Prostate Cancer - Episode 11

Case 2: Local Control in Metastatic CSPC


Jorge Garcia, MD:Ken, do you get patients asking you…For an oncologist, I’m pretty aggressive in the management of local disease. I think most oncologists, when we are fixated on distant metastases, lose sight of the importance of local control. There is nothing worse than to see a young guy or an older guy not develop CRPC [castration-resistant prostate cancer] distantly but develop CRPC in the prostate gland region, where these patients are often miserable because of pain, pelvic floor dysfunction, hematuria, obstruction, and so forth. I do believe local control, where you do it with the intent of cure, or delaying symptoms, palliatively in nature, is extremely important for our patients.

Kenneth Kernen, MD:Yeah, I think that’s 1 of the things we do see once in a while, obviously in more select patients. Again, I think you could offer them radical prostatectomy. But again, as Neal said, the pendulum is swinging the other way. I think more appropriately is radiation therapy, because you can radiate the primary, prostate bed, and lymph nodes and get benefit as well. And then there’s some thought about cryotherapy, with immunologic potential that happens during cryotherapy for local disease as well. But again, I think those are very specific patients.

Alicia Morgans, MD:There is still a lot for us to work out. I didn’t mean to cut you off, Jorge. We’d love to hear what your closing thoughts are. What’s the theme of metastatic hormone-sensitive prostate cancer, from your perspective?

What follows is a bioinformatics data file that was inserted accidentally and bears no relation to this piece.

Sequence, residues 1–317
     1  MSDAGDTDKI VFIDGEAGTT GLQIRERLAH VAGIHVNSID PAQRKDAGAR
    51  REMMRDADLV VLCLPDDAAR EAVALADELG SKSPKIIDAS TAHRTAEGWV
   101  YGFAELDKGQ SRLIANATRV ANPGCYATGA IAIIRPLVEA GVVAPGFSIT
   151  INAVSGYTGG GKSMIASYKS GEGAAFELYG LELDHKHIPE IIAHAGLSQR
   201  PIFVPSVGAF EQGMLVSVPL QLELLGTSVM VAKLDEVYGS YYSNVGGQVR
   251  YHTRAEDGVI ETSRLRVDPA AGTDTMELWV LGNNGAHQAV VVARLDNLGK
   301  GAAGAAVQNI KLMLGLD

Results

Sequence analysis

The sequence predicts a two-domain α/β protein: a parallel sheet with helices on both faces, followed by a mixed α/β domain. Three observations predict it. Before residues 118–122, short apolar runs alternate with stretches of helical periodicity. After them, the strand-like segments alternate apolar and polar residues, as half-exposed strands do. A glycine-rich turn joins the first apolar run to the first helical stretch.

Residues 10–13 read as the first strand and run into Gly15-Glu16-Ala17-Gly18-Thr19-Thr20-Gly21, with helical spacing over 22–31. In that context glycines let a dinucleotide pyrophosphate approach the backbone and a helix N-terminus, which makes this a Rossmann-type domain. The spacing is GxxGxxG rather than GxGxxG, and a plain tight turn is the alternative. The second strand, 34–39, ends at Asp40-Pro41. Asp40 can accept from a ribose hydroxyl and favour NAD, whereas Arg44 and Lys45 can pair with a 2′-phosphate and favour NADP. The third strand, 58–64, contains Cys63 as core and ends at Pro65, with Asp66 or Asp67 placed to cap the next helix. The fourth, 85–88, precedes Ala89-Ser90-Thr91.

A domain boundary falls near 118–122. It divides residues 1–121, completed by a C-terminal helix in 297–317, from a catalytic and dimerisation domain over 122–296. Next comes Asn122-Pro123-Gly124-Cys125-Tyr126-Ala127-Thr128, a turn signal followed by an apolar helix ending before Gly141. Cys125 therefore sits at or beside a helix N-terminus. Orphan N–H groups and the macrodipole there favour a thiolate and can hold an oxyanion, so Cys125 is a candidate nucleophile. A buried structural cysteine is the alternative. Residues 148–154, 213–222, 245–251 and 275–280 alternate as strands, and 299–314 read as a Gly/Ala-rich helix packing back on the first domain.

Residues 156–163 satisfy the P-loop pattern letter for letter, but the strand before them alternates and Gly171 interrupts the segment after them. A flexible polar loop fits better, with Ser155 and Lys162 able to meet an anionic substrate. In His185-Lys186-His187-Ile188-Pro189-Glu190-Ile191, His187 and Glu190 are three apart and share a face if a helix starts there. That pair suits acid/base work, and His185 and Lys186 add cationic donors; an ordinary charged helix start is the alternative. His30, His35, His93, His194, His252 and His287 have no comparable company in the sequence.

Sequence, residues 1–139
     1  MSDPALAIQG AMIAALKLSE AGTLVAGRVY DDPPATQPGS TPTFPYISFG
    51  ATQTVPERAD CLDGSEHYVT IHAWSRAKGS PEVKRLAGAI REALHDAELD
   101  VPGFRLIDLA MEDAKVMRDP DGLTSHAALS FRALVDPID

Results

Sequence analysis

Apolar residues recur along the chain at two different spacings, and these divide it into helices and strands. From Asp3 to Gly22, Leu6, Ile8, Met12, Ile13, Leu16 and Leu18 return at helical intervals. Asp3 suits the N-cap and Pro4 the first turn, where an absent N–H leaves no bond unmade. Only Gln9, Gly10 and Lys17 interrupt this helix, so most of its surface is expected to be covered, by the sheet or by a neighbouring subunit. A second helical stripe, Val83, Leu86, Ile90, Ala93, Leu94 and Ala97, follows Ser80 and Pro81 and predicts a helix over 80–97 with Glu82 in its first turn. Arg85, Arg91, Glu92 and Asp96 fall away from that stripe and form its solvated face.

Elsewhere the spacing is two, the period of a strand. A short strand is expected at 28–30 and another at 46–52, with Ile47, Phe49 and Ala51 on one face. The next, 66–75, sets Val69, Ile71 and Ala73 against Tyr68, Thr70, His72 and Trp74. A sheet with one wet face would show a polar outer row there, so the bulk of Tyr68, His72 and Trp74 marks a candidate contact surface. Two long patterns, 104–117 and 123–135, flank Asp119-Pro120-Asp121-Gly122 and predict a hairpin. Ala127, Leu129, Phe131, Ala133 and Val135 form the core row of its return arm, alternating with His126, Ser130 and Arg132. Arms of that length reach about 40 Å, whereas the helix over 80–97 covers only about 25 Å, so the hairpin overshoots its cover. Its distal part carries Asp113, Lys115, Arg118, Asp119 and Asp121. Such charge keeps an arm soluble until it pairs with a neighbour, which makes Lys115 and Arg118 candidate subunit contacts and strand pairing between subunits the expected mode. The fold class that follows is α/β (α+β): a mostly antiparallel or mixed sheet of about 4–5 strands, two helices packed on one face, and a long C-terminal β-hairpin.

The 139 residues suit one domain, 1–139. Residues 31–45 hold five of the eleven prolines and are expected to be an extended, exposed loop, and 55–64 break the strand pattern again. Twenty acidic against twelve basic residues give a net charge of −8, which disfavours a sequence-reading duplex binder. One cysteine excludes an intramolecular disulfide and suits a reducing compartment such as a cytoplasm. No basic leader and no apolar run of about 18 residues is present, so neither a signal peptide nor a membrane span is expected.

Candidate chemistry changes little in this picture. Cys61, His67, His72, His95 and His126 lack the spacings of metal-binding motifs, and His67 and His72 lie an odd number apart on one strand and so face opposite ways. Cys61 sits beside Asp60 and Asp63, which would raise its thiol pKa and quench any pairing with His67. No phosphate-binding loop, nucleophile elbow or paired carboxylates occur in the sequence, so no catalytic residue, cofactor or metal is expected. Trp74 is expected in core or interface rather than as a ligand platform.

Jorge Garcia, MD:What you stated earlier, Neal, right after the case…You know, I think it’s mind-boggling to me that in the United States of America, with the compelling data that we have—6, 7 trials—and that with a hazard ratio for survival, that you can tell a patient, “I can reduce your risk of death by almost half,” and then our patient population is still getting suppression of testosterone.

I just cannot understand why it happens. It may require us to go and educate or for us to teach, right? But I think at the end of the day, the standard of care should be, throughout the world… It’s suboptimal when you do ADT [androgen deprivation therapy] alone. I tell my patients that volume matters, intensification is needed, and if you don’t get intensified, you’re getting suboptimal care.

Alicia Morgans, MD:Absolutely.

Kenneth Kernen, MD:I would echo the same thing. That’s why I brought it up. I just think it’s critically important for people who are watching this to know. We talked a lot of subtleties. There are a lot of great data out there. The bottom line is that ADT as monotherapy is the wrong answer.

Neal Shore, MD, FACS:I totally agree. You guys summarized it perfectly.

Alicia Morgans, MD:Agreed. Ultimately, we owe it to our patients to have these conversations, to offer them combination therapy. And really, it is a rare patient for whom ADT alone is going to be the right answer. We really need to make sure we think about combination first, and ADT alone as a very, very, very, very, very distant second option. Perhaps it should not be thought of as an option at all. It shouldn’t be an option for many of our patients. Thank you.

Transcript edited for clarity.